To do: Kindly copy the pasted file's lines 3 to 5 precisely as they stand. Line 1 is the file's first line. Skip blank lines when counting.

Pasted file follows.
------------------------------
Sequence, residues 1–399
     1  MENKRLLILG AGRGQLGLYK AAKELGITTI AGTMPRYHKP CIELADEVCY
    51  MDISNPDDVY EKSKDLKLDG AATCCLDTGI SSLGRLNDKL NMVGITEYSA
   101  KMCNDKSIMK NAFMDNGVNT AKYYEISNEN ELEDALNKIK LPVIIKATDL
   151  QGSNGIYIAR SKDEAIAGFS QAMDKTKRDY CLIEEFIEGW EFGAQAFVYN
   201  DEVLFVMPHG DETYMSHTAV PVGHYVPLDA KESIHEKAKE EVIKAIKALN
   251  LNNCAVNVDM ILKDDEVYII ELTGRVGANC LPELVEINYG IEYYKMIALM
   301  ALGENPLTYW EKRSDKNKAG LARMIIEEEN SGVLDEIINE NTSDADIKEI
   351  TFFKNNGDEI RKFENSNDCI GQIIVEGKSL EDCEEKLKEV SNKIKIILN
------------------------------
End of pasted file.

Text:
    51  MDISNPDDVY EKSKDLKLDG AATCCLDTGI SSLGRLNDKL NMVGITEYSA
   101  KMCNDKSIMK NAFMDNGVNT AKYYEISNEN ELEDALNKIK LPVIIKATDL
   151  QGSNGIYIAR SKDEAIAGFS QAMDKTKRDY CLIEEFIEGW EFGAQAFVYN